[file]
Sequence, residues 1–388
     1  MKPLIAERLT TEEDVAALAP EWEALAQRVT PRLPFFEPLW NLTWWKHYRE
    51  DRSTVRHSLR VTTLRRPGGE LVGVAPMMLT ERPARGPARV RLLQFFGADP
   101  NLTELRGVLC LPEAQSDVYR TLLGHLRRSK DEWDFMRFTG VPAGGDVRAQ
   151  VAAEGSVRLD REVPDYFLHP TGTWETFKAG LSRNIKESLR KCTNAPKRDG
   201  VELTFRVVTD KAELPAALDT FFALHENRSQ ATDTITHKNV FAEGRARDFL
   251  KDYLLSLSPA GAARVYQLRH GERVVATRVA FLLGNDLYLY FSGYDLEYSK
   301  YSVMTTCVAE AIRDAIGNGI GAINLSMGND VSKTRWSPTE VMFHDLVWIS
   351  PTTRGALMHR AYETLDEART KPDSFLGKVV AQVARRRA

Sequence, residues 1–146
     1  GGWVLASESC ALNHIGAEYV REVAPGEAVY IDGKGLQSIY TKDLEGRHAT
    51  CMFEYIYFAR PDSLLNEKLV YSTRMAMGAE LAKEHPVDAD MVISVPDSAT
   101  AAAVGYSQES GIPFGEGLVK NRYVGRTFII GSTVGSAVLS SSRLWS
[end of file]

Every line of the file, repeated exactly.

Sequence, residues 1–388
     1  MKPLIAERLT TEEDVAALAP EWEALAQRVT PRLPFFEPLW NLTWWKHYRE
    51  DRSTVRHSLR VTTLRRPGGE LVGVAPMMLT ERPARGPARV RLLQFFGADP
   101  NLTELRGVLC LPEAQSDVYR TLLGHLRRSK DEWDFMRFTG VPAGGDVRAQ
   151  VAAEGSVRLD REVPDYFLHP TGTWETFKAG LSRNIKESLR KCTNAPKRDG
   201  VELTFRVVTD KAELPAALDT FFALHENRSQ ATDTITHKNV FAEGRARDFL
   251  KDYLLSLSPA GAARVYQLRH GERVVATRVA FLLGNDLYLY FSGYDLEYSK
   301  YSVMTTCVAE AIRDAIGNGI GAINLSMGND VSKTRWSPTE VMFHDLVWIS
   351  PTTRGALMHR AYETLDEART KPDSFLGKVV AQVARRRA

Sequence, residues 1–146
     1  GGWVLASESC ALNHIGAEYV REVAPGEAVY IDGKGLQSIY TKDLEGRHAT
    51  CMFEYIYFAR PDSLLNEKLV YSTRMAMGAE LAKEHPVDAD MVISVPDSAT
   101  AAAVGYSQES GIPFGEGLVK NRYVGRTFII GSTVGSAVLS SSRLWS